The measures are designed to cripple Russia’s economy and punish its government for taking military action.
In a joint statement published on February 26th, the European Commission, US, France, Germany, Italy, UK, Canada declared: “First, we (…) commit to ensuring that selected Russian banks are removed from the SWIFT messaging system. This will ensure that these banks are disconnected from the international financial system and harm their ability to operate globally.
Second, we commit to imposing restrictive measures that will prevent the Russian Central Bank from deploying its international reserves in ways that undermine the impact of our sanctions.”
Targeting a central bank of a G20 nation is unprecedented. After its currency, the rouble, slumped by 30% against the US dollar, Russia has more than doubled its key interest rate in an attempt to stem the decline. Foreign currency outflows are banned and Russian exporters have been ordered to convert 80% of their foreign currency earnings into roubles.
SWIFT (Society for Worldwide Interbank Financial Telecommunications) is a messaging network that financial institutions use to securely transmit information and instructions through a standardized system of codes. Although SWIFT has become a crucial part of global financial infrastructure, it is not a financial institution itself: SWIFT does not hold or transfer assets. Rather, its utility lies in its power to facilitate secure, efficient communication between member institutions.
The names and number of banks involved are not yet known. It is therefore likely that a few selected banks will retain their access to SWIFT, if only to allow gas trading with countries that are dependent on it, such as Germany or Italy. It will be interesting to see whether Gazprombank, the banking subsidiary of the Russian energy giant, is “de-SWIFTed”. The same questions apply to the country’s two largest financial institutions: VTB and Sberbank, whose assets are already frozen in the United States.
In the same statement, other economic and financial sanctions are announced: “Third, we commit to acting against the people and entities who facilitate the war in Ukraine and the harmful activities of the Russian government. Specifically, we commit to taking measures to limit the sale of citizenship—so called golden passports—that let wealthy Russians connected to the Russian government become citizens of our countries and gain access to our financial systems.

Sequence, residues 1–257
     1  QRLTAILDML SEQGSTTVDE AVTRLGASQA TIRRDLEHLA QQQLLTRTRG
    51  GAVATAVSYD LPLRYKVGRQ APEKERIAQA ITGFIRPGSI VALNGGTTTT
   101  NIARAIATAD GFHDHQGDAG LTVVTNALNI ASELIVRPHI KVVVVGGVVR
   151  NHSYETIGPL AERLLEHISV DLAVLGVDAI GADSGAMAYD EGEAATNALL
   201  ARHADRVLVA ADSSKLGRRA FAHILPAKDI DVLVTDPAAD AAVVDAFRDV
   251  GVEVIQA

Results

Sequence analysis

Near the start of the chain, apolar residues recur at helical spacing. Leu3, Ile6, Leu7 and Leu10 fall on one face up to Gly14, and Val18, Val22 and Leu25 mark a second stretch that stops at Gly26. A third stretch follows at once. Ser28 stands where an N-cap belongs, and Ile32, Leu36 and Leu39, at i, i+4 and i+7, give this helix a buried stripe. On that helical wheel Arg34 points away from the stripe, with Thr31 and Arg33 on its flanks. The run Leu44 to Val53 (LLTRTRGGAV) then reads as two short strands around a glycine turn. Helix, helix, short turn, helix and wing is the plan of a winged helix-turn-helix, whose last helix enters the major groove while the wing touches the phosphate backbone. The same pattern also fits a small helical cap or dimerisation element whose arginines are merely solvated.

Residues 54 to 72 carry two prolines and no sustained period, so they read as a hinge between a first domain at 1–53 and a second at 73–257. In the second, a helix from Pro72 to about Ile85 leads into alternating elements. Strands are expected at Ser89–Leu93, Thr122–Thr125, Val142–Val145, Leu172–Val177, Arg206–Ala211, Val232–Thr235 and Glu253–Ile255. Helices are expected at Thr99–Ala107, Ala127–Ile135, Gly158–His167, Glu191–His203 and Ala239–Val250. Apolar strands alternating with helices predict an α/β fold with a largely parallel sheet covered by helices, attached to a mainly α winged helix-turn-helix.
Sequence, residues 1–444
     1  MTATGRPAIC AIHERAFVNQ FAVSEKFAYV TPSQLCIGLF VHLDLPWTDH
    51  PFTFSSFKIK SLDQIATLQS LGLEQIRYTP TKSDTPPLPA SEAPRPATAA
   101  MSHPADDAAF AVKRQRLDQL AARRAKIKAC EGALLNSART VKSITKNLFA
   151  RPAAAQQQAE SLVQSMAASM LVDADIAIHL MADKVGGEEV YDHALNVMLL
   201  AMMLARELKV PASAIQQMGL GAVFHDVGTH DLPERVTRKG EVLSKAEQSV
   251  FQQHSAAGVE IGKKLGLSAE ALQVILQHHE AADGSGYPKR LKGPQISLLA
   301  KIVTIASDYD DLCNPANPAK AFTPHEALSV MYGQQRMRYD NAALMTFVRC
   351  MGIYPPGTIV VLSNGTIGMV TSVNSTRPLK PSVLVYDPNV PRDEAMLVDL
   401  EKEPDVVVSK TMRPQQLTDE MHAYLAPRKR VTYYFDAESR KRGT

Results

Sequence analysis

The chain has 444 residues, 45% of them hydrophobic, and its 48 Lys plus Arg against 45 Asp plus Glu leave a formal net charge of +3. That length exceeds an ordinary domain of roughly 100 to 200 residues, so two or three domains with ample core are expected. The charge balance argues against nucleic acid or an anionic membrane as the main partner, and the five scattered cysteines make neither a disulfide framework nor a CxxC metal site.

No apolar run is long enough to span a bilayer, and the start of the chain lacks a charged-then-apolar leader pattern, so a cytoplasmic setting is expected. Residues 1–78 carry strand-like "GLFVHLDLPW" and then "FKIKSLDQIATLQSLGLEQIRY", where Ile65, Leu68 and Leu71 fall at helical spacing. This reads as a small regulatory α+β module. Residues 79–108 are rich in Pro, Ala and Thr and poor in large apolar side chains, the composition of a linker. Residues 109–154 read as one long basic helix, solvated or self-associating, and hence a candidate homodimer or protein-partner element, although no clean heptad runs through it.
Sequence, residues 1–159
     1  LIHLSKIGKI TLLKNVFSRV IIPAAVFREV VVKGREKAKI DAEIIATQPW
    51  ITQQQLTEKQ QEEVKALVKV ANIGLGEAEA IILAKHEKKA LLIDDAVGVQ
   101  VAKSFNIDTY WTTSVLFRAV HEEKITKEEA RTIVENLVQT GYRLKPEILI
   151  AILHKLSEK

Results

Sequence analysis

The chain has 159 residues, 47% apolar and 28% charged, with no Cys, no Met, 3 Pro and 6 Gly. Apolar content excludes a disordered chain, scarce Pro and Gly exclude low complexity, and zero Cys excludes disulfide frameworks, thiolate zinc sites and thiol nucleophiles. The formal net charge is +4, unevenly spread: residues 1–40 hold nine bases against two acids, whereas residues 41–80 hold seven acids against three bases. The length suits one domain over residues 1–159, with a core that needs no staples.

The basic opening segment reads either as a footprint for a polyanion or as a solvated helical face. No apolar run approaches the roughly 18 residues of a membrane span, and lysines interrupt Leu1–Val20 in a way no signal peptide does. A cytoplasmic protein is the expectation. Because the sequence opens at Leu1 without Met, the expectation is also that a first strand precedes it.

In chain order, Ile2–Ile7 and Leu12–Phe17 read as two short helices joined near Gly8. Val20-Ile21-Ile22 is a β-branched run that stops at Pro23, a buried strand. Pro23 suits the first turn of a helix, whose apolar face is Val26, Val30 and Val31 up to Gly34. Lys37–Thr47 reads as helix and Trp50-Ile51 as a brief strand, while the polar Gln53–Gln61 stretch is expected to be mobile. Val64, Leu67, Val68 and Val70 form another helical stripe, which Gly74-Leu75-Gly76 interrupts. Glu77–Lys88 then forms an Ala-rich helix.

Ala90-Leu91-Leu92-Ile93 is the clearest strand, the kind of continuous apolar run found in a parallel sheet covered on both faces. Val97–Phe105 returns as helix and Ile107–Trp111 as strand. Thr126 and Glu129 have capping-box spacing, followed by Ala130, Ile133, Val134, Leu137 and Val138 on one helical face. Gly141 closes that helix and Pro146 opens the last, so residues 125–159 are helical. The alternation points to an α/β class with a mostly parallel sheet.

Fourth, we commit to launching this coming week a transatlantic task force that will ensure the effective implementation of our financial sanctions by identifying and freezing the assets of sanctioned individuals and companies that exist within our jurisdictions. As a part of this effort we are committed to employing sanctions and other financial and enforcement measures on additional Russian officials and elites close to the Russian government, as well as their families, and their enablers to identify and freeze the assets they hold in our jurisdictions. We will also engage other governments and work to detect and disrupt the movement of ill-gotten gains, and to deny these individuals the ability to hide their assets in jurisdictions across the world.”
The list of sanctioned individuals includes Russian President Vladimir Putin and his Foreign Minister Sergei Lavrov.
The West has also decided to impose further restrictions on exports of dual-use goods and technology and on the provision of related services, as well as restrictions on exports of certain goods and technology which might contribute to Russia’s technological enhancement of its defence and security sector. It also introduces restrictions on the provision of related services and to prohibit the sale, supply, transfer or export to Russia of specific goods and technologies for use in oil refining, together with restrictions on the provision of related services.
Dual-use goods, which are items that could have both a civilian and military use, like high-tech items, chemicals or lasers.
The EU has also announced a blanket ban on Russian flights. Russian aircraft are unable to land in, take off from or fly over any EU nation, meaning longer journey times, and have also been barred from UK airspace
The EU is also going to ban Russia’s state-owned news outlets Sputnik and Russia Today and Germany has put on hold permission for the Nord Stream 2 gas pipeline from Russia to Germany to open.
Russia sanctions over Ukraine largely spare energy sector, vital to Europe
Energy exports are Russia’s main source of revenue. Refusing to buy its oil and gas would be a very tough sanction, but it would also be damaging to Western nations that rely on it. Russia supplies 26% of the EU’s crude oil and 38% of its gas. Even a brief cut in gas supply would raise energy prices.
Two former Luxembourg ministers give up their Russian mandates
In a press release, the two former LSAP Ministers of Economy Jeannot Krecké and Étienne Schneider inform about their resignation from the boards of directors of Russian entities. Jeannot Krecké was a member of the East West United Bank and Etienne Schneider was involved with the owners of the Bank, the Sistema Financial Corporation.
In a press release, East-West-United-Bank (EWUB) in Luxembourg states that it is an independent Luxembourg banking institution and that it is not affiliated with the Russian government or any other banking group. However, its sole shareholder is Sistema Financial Corporation, one of the largest private shareholders in Russia. The bank stresses that no direct or indirect shareholders are subject to international sanctions.